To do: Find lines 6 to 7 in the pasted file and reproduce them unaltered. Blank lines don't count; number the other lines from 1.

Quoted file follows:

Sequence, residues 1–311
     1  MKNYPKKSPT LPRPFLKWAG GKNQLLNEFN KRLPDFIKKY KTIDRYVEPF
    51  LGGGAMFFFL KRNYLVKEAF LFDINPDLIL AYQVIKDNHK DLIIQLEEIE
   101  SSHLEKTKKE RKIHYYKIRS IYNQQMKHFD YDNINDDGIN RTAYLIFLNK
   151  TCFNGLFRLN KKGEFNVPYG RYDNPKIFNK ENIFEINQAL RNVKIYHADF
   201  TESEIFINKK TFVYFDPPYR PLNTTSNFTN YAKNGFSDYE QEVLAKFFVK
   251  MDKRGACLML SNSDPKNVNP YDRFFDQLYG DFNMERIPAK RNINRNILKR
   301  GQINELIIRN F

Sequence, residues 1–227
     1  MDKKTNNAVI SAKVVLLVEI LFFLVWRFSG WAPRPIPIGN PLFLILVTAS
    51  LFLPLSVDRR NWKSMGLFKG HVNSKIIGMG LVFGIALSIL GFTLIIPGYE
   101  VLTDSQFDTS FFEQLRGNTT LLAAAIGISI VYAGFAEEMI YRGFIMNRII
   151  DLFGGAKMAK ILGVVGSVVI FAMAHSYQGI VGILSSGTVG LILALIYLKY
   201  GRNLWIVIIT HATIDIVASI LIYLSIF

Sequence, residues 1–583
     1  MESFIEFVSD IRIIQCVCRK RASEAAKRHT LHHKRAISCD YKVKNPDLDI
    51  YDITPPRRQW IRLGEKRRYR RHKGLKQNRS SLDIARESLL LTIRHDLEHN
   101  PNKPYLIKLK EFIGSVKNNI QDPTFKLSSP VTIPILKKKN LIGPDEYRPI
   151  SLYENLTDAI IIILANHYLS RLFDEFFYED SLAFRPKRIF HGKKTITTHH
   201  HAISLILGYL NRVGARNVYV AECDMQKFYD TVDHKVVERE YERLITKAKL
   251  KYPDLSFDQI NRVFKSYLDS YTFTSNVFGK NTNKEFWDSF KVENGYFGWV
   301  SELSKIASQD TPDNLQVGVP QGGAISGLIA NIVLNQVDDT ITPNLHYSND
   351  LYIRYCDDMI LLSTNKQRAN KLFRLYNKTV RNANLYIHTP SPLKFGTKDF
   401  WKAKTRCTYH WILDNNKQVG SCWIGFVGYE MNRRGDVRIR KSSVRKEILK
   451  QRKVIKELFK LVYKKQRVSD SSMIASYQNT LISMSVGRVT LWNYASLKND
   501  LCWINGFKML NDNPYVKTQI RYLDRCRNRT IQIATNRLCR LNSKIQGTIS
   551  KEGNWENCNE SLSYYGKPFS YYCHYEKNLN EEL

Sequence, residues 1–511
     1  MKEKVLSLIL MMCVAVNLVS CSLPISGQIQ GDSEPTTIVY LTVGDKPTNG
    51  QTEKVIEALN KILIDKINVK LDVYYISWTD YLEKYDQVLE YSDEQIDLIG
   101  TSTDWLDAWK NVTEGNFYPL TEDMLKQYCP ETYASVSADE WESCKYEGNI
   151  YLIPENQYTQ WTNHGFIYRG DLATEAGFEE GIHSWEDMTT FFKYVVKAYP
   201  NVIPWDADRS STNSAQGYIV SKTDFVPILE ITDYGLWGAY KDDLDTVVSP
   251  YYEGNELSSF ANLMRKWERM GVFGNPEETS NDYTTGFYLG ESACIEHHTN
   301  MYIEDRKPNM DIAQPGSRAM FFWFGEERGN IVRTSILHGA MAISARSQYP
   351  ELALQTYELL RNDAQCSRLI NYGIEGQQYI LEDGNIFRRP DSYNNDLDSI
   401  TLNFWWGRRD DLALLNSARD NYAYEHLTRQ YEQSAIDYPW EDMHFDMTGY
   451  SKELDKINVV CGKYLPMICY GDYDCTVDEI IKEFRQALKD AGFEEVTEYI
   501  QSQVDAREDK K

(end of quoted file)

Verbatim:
   201  TESEIFINKK TFVYFDPPYR PLNTTSNFTN YAKNGFSDYE QEVLAKFFVK
   251  MDKRGACLML SNSDPKNVNP YDRFFDQLYG DFNMERIPAK RNINRNILKR